Is is possible to authorize users at a machine level. For example, only when using authorized computers (my personal laptop or other managers' pcs) can one get access to the admin page? Any other computers should either get a denial of access message or something else. Authorized computer may still provide their own admin username and password in case people could fake a machine's identity, maybe. I'm not a security expert though.
Correct me if I misunderstand, but you are asking to only allow visitors on specific machines to access your website?
Jumping right into a solution here. The first question is how do you know which machines are "manager's" machines? Do you have a list of their IP addresses? Do you have some other ID on them?
If you have their IP addresses, then IP Whitelist them, and block all other ip addresses.
If you do not have their IP address, then you are limited. There is no machine ID that can be accessed through a web browser, so you'll need to create your own ID by setting a long lived cookie and a registration process.
Since you already have a login process, this next part is fairly easy. You've used this solution before. When you sign in to google mail and click "remember me" and don't need to sign in the next time your computer restarts, google has basically marked (set a cookie) your machine as yours.
Now, if you want to get super fancy, enterprises have NAC setup. Every system is identified before being allowed to connect to the network. Certain systems are given more access than others. For example, at a software development company, engineers may be given access to a production network while sales staff is not. When they connect, sales staff are move to a restricted vlan after identifying who they are and who the machine belongs to. If that were the case for your company, then you would whitelist an entire subnet block.
Last point. Chase bank uses the machine cookie concept like so: The first time you login they ask your username and password. Then the send a code to your phone or some third-party channel. After you enter the code, the set a machine cookie (same old cookie). The next time you login, they ask for username and password, then look for the machine cookie. If the machine cookie is there, then they don't make you enter the code again.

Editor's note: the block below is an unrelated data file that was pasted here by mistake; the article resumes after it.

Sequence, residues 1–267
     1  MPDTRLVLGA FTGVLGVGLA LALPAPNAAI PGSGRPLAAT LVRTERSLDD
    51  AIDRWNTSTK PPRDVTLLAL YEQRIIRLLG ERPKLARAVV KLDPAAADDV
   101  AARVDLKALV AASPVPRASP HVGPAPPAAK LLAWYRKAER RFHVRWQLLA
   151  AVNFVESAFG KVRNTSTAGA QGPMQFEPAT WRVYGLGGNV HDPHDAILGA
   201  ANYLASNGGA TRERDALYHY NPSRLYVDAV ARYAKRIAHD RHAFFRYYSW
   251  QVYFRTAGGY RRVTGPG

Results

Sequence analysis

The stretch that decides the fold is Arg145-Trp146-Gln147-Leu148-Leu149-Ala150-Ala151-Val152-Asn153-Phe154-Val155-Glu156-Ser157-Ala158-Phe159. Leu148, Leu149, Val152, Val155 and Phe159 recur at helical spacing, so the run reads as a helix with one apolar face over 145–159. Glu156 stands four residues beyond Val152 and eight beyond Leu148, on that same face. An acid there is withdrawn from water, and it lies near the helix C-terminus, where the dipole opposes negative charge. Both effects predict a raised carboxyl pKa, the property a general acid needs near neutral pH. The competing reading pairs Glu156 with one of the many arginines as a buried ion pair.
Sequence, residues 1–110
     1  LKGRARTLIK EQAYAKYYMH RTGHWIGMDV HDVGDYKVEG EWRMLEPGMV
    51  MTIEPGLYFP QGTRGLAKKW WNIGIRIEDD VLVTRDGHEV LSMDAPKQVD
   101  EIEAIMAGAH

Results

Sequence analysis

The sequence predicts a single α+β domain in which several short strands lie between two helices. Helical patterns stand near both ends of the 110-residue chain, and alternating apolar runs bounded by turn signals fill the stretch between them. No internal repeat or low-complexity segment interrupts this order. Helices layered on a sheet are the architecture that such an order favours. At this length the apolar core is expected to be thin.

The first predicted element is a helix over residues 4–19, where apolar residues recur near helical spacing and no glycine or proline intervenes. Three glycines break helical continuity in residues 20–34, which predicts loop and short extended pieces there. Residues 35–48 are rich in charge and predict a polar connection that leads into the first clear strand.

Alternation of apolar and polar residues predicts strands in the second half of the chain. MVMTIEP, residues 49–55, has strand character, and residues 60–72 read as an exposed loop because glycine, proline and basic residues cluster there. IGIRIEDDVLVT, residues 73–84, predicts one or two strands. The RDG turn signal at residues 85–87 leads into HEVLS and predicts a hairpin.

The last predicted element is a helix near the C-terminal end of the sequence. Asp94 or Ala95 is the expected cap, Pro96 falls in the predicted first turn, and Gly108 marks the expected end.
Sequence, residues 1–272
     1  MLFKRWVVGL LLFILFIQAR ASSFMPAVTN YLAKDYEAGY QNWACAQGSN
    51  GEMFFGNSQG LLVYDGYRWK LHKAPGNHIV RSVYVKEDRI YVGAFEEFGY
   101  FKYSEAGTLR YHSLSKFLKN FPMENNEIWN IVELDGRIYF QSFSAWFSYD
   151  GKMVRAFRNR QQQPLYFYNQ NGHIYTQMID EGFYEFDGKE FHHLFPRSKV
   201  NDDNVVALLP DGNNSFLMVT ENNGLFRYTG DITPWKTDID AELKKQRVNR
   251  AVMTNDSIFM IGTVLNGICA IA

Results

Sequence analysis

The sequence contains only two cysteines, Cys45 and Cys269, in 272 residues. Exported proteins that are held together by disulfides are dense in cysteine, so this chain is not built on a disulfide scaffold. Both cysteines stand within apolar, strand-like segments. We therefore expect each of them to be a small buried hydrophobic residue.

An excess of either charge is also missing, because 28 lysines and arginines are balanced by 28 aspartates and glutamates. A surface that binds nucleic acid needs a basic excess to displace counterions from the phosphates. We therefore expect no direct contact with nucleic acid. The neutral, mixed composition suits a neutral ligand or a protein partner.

You could make that your registration process, except you provide the manager with a code they can enter. I don't think you want to get much more complex than a static password to register the machine, but if you did, you can generate one time tokens following the spec in rfc 4226.
You can't restrict access to specific computing device (as there are many types of devices used and there's no universal thing to bind to) but depending on your application design you still can solve your problem. You need to bind not to computer, but to other hardware device which is not possible to duplicate.
One of such devices is a hardware cryptotoken or cryptocard with the certificate and a private key in it. The user plugs the device to USB or to card reader respectively, then he authenticates on the server using the certificate and private key stored on this device). Client-side authentication using certificates is a large but well-known topic so I don't discuss it here.
While it's possible to move the cryptographic device to another computer system, it's not possible to duplicate it or extract the private key from it. So you can (with certain high level of reliability) assume that there exists only one copy of the private key and it's stored on certain particular device.
Of course you would need to create another certificate for each device, but this is not a problem - the only purpose of these certificates is to be accepted by the server, so the server can issue new certificates when needed.